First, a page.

Sci-Fi-O-Rama returns with a quick feature on a rather special Tumblr known simply as ‘UI BAKA‘.

Originating from ‘The Land of the Rising Sun’ this Tumblr celebrates the art of sci-fi interfaces with a particular slant towards Japanese Anime, something we’ve shamefully rarely covered.

So what to expect? Well all things bright and beautiful of course, and in this case that’s glowing wire spheres, rippling sine waves, flickering binaries and a large dollop of a targeting reticles.

Some original material here, as scanned from ‘Creative Computer Graphics’ (Cambridge University Press, 1984) this one I came across whilst searching through the Google Books archives, and intrigued I decided to order a hard copy. Google Books by the was is well worth a look, countless printed publications are logged and categorized dating from recent to way back. Most modern titles are subject to copyright so show just a selection of internal pages, but this is plenty to gain a flavour and if you have 10 mins to burn, I highly recommend a trawl through.

Creative Computer Graphics  - The Last Starfighter

Sci-Fi-O-Rama presents an analysis and artistic appreciation of five pioneering 8-bit and 16-bit computer games.

The era is the mid to late 80’s, a period fabulously rich in gaming concepts and innovation as developers frantically sought to grasp, harness and subsequently wring every last nanogram of creativity from the available platforms of the day. Each title here contained – for the time – an array of groundbreaking ideas and technologies. What else connects them? well of course I played them way back when and thus they are in some way or another forever burned into the hazy mists of my subconscious.

I’ve been mulling over this one for a while but wasn’t sure quite how to start, hence the recent posting log jam. I wanted to compose an extended retro game feature, but not just to give a rose tinted review of gameplay or mechanics. Here then is a more focused look at the visuals themselves, what fascinated back then and what us still so beautiful and relevant today, 2012.

Alien Syndrome Marquee

Sinistar Marquee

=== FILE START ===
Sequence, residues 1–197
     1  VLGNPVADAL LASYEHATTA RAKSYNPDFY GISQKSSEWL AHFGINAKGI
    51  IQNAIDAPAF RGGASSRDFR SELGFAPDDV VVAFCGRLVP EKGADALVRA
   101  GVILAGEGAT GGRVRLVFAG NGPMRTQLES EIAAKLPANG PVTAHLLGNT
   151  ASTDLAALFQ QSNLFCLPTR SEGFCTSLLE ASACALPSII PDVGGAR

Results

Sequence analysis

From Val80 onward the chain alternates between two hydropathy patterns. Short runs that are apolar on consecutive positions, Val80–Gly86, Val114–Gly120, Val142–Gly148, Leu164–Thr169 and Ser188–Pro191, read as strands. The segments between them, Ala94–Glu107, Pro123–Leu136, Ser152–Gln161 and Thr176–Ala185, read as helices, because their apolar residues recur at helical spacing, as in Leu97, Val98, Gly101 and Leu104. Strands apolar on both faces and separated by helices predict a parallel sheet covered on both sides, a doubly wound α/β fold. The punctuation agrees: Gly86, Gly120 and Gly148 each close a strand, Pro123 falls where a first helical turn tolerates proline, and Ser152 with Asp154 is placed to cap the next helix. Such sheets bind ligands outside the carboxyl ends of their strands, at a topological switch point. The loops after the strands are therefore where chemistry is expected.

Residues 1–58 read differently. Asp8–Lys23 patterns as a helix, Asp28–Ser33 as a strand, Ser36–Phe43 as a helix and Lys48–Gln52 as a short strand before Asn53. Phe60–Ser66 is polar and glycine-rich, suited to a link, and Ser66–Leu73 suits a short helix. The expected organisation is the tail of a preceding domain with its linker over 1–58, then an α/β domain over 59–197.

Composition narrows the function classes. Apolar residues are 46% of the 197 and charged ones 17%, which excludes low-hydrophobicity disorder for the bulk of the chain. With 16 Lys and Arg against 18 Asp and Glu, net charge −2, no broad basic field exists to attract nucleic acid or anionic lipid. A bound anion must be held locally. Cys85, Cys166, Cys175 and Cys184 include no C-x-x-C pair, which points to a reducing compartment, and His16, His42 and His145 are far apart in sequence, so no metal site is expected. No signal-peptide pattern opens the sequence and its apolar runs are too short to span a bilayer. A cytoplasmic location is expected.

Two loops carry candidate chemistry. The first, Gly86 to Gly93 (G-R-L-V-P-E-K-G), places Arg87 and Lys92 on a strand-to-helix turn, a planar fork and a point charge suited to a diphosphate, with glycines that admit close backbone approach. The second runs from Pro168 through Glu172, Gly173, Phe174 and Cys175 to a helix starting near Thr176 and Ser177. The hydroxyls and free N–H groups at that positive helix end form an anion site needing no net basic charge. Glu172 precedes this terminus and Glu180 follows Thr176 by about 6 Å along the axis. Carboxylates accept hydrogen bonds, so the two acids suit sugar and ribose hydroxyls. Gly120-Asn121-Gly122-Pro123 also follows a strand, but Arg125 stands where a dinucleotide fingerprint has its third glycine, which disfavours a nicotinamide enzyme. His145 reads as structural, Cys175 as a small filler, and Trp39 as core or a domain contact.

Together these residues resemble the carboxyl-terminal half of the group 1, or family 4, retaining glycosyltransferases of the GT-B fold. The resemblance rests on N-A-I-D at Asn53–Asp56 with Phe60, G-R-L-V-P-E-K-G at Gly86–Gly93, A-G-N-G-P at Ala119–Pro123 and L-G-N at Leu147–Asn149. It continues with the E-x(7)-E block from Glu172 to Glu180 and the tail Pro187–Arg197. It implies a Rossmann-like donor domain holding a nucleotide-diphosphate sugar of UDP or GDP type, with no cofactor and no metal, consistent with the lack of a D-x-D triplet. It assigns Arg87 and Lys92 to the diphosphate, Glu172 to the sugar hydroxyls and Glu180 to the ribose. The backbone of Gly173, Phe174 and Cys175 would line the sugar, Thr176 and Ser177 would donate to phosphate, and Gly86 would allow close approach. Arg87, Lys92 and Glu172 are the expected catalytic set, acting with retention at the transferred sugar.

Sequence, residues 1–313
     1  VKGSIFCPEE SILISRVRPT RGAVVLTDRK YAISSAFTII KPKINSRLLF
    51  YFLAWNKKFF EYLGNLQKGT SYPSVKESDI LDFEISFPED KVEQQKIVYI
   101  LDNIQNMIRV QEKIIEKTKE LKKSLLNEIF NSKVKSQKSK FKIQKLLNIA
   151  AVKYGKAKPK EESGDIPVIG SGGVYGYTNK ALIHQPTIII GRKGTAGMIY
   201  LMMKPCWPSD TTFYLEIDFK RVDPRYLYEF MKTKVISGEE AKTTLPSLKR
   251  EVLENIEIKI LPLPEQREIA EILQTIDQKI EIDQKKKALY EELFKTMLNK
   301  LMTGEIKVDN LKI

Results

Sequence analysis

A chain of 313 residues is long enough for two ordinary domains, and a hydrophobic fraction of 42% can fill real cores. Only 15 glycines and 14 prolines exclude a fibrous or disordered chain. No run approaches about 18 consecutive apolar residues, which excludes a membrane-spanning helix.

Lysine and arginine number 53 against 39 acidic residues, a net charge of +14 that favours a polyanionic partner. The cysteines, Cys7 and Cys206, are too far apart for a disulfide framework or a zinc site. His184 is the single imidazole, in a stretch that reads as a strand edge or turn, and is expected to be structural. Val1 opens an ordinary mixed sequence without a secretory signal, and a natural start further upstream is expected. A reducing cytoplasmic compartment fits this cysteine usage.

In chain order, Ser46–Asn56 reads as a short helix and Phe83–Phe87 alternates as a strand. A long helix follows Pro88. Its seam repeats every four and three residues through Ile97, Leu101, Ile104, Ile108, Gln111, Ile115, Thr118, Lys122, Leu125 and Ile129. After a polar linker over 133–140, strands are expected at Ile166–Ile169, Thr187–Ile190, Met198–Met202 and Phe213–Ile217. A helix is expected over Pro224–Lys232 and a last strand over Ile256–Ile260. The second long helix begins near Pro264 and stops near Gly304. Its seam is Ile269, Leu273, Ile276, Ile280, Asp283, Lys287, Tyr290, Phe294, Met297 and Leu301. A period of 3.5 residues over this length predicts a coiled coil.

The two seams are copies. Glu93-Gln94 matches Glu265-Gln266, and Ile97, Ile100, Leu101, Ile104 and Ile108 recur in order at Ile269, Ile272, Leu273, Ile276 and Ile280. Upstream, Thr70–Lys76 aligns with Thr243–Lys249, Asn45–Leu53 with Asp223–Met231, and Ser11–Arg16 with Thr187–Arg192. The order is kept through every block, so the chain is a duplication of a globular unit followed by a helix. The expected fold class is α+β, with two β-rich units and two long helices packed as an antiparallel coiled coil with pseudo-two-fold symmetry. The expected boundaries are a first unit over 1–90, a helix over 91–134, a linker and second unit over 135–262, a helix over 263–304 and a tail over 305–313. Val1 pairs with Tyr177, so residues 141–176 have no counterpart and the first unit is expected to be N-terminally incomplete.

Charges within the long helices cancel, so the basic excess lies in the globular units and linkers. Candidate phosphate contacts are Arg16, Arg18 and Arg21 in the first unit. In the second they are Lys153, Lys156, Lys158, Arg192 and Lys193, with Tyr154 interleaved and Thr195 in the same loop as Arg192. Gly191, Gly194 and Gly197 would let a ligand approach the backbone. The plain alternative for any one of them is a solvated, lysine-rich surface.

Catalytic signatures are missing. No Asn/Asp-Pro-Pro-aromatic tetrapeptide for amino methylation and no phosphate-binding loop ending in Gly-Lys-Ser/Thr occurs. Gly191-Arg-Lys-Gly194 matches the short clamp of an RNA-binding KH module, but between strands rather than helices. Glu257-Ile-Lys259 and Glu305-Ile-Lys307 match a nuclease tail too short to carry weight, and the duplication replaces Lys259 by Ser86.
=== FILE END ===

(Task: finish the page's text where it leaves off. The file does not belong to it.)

Commando Marquee

Asteroids Marquee

Tempest Marquee

Crystal Castles

Zaxxon Marquee

Galaxian Marquee

Galaga Marquee

Bosconian Marquee

Rastan Marquee

A selection of Coin-Op/Arcade Machine “Marquees” beaming gloriously in brash 80’s technicolour… Marquees (in case you didn’t know) are used to illuminate the name of an arcade game at the top of its cabinet.

Stopping with a friend recently I was reminded of just how amazing this art is as he has a small selection of these marquees as fridge

Roger Dean – As Chosen by Those He Has Inspired

Roger Dean (born 31 August 1944), is an English artist, designer, architect and publisher and perhaps best known for his iconic work on progressive rock band album covers. His unique, instantly recognisable style often features exotic landscapes populated with dramatic and impossible natural rock formations, lush alien flora and fauna, and strange organic structures.

After the release of James Cameron’s blockbuster movie ‘Avatar’, Dean enjoyed a surge of interest in his work, as it’s obvious Avatar’s design team have borrowed many visual motifs found in Dean’s work. To be fair, it’s inconceivable to think of fantasy and sci-fi art without being influenced by the superlative work of Roger Dean.

To celebrate his work, I’ve asked a selection of contemporary designers and artists to select their favourite Roger Dean piece and tell us in their own words why.  Roger Dean, as chosen by those he has inspired!

Roger Dean - Billy Cox "Nitro Function"

Billy Cox “Nitro Function” (LP Sleeve 1972)
Chosen by: Eric Carl

“One of my favourite Roger Dean pieces would have to be the 1972 album art for “Nitro Function” by Billy Cox. It wasn’t a

Metal Slug Pixel Art

Metal Slug

Post Apocalyptic Background Pixel Art from SNK’s original 1996 Neo-Geo title Metal Slug, the run-and-gun classic. Apologies if you’re having to scroll your browser to the right (I am too), the thing about Pixel Art is it can’t really be scaled, it’s drawn for one size and one size only, and it’d be severely blasphemous to rescale this superb example!

So here’s a lush part of Metal Slug level one in all it’s limited palette glory, but hang on a minute where’s all the rest of the game art? well, that’s the other reason for the post, this image comes via The Video Game Atlas http://www.vgmaps.com/ a truly amazing resource if you are into the art of old school games. Loads of wicked stuff there, and worth visit for so many reason’s – Game Title Screens for example http://ow.ly/tHqJ great Typography.

Thanks Dan for the lead on this…

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